“For a long time, the Chinese have claimed that HSBC has shifted resources overseas and had an unfair advantage as they control all of the money supply in Hong Kong,” the executive said. “This [break up] puts China in the driving seat.”
But some rejected the possibility that Ping An, which is not state-owned, had become a mouthpiece for Beijing’s objectives for HSBC. “Ping An is not of that importance, it probably wishes it was,” said a former Ping An executive. The insurer certainly has its own motivations to propose the separation of its businesses.
Since Mark Tucker joined HSBC in September 2017, the stock has fallen 33 per cent, hitting a 25 year low in September 2020.
However, people familiar with the timeline say the final straw came when the Bank of England banned UK lenders from paying dividends at the start of the Covid-19 pandemic in early 2020. Ping An — and thousands of individual retail HSBC shareholders — were denied a dividend they counted on for income and reacted with fury, threatening lawsuits.
The issue was crucial for Ping An because it owns HSBC through its life insurance arm, using the normally reliable HSBC dividend to offset its long-term insurance liabilities.
Even when the dividend was restored last year, it was set at 25 cents a share, half the level the bank paid until 2018. The resulting pressure on Ping An’s earnings in part explains the insurer’s decision to start openly lobbying for a split, rather than pushing behind the scenes, the people said.
Breaking up is hard to do
HSBC’s position in an increasingly polarised world has loomed over the bank for decades.
The last time it formally addressed the issue was in 2015, when a possible referendum on leaving the European Union was mooted in Britain. It conducted a review into relocating its headquarters from London to Hong Kong. At the end of the process, it stayed put “because shareholders were concerned that the bank’s market cap is far larger than Hong Kong’s economy”, according to a person involved in the review.
This meant that China’s central bank, the People’s Bank of China, would likely have to become HSBC’s “lender of last resort” — the institution it would turn to if it were in financial difficulty, the person said.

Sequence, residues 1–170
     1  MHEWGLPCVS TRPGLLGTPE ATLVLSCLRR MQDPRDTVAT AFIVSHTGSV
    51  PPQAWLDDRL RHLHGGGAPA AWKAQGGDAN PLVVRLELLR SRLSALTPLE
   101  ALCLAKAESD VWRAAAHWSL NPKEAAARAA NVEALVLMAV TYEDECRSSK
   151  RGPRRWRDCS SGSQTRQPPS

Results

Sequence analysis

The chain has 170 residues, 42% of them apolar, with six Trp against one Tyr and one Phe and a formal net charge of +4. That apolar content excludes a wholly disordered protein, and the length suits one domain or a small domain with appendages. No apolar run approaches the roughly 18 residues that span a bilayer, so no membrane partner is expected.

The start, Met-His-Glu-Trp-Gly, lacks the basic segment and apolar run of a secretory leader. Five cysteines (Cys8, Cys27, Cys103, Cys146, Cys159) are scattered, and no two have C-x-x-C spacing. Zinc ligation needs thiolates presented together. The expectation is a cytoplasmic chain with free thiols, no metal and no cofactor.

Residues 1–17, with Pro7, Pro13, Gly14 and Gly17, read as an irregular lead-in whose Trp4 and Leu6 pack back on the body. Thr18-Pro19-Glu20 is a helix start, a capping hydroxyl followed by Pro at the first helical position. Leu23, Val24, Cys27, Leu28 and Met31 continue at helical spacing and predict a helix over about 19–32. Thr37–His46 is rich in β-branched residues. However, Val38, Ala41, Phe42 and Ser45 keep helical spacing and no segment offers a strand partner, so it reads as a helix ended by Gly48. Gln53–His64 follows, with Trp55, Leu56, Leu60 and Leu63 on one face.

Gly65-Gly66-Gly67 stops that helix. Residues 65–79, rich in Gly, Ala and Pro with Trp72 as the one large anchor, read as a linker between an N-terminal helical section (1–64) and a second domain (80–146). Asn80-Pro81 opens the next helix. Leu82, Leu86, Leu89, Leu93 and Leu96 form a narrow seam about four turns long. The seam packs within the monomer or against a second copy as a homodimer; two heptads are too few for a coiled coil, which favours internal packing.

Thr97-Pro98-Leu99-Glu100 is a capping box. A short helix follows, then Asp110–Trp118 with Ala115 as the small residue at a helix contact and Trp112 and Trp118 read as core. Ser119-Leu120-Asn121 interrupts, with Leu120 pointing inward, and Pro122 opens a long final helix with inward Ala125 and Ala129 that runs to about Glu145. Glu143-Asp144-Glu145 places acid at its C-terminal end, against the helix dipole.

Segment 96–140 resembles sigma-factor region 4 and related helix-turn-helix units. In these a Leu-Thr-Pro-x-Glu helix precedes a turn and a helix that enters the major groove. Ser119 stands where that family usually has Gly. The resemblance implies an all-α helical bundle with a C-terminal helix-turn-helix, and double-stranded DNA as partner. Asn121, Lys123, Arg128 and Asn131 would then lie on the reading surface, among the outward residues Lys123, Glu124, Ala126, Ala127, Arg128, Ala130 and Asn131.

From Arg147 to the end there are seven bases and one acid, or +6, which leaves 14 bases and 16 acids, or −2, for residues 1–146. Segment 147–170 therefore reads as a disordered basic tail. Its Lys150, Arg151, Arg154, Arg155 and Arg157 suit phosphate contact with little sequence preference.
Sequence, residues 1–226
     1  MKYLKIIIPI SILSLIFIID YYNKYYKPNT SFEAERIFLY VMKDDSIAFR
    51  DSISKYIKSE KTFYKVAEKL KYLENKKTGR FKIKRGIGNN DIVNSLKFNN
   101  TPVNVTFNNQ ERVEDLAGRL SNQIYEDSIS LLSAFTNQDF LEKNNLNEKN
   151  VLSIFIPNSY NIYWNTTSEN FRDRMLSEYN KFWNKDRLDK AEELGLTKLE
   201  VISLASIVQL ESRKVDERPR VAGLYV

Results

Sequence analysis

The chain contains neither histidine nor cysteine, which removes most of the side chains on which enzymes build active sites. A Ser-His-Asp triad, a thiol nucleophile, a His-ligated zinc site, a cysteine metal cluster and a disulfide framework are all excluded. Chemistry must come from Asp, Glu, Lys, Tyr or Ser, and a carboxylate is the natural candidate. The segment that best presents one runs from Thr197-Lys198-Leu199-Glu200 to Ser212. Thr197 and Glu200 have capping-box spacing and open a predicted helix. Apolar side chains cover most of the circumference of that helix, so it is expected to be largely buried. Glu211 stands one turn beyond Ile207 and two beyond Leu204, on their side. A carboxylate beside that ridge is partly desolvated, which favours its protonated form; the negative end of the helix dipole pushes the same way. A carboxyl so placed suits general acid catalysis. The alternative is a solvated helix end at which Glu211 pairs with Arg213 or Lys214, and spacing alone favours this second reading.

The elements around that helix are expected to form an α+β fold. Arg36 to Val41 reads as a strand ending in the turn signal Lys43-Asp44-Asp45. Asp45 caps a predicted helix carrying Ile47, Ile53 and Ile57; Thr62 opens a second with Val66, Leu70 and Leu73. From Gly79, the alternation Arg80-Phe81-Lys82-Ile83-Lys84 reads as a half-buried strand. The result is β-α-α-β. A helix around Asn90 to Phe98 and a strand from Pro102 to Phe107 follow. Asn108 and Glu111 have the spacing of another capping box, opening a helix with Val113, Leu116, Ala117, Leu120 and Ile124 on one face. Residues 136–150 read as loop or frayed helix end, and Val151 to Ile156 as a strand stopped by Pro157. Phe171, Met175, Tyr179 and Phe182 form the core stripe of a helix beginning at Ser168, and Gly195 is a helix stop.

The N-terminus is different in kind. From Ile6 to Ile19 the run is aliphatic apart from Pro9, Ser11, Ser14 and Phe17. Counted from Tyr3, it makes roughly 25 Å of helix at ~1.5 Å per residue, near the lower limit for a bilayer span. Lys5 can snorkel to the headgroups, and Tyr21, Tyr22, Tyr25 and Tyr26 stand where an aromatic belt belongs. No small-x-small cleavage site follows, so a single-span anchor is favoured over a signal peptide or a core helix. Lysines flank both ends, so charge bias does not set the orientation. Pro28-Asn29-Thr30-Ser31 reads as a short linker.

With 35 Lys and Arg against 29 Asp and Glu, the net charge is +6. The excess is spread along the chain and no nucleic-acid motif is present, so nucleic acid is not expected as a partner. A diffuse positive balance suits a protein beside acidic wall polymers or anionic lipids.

“HSBC is the world’s leading trade bank and some companies may prefer a UK regulated bank to one potentially subject to Chinese influence,” wrote analysts at Bank of America following the Ping An announcement last week.
The board — which sought the advice of experts including Henry Kissinger — also deemed that relocating the headquarters would be too complicated and expensive. HSBC would have had to redomicile and reissue hundreds of billions of loss-absorbing debt that it had issued since the financial crisis.
Analysts at Autonomous have said those concerns are still relevant seven years on.
“We see significant legal and political obstacles . . . the capital structure of HSBC makes a redomicile or a break up very tricky,” said analyst Manus Costello.
The warning was in line with mostly negative analyst sentiment on Tuesday, citing the possibility of large restructuring costs and the low income of HSBC’s businesses outside of Asia. HSBC’s share price climbed in London by 1.6 per cent, partly on the basis that Ping An’s move would force the bank into other action, such as a faster exit from its lossmaking US retail bank and pruning off other underperforming businesses.
However, the biggest roadblock to breaking up HSBC could be its vast dollar clearing business. HSBC has been the sole settlement institution for dollar clearing in Hong Kong since 2000 and is one of the top five clearers of cross-border transactions globally.
“We think the Fed might take issue with approving a deal which saw a major portion of global US dollar clearing moving to a Hong Kong domiciled entity,” Costello said. The size of HSBC’s business would be slashed in such a scenario, according to a person close to the bank.
“If you want to operate as a regional bank but you deal in even one US dollar — especially when most of your business is trade related — then you are at the mercy of the US, not the Chinese, authorities,” said the former Ping An executive.
Letter in response to this article: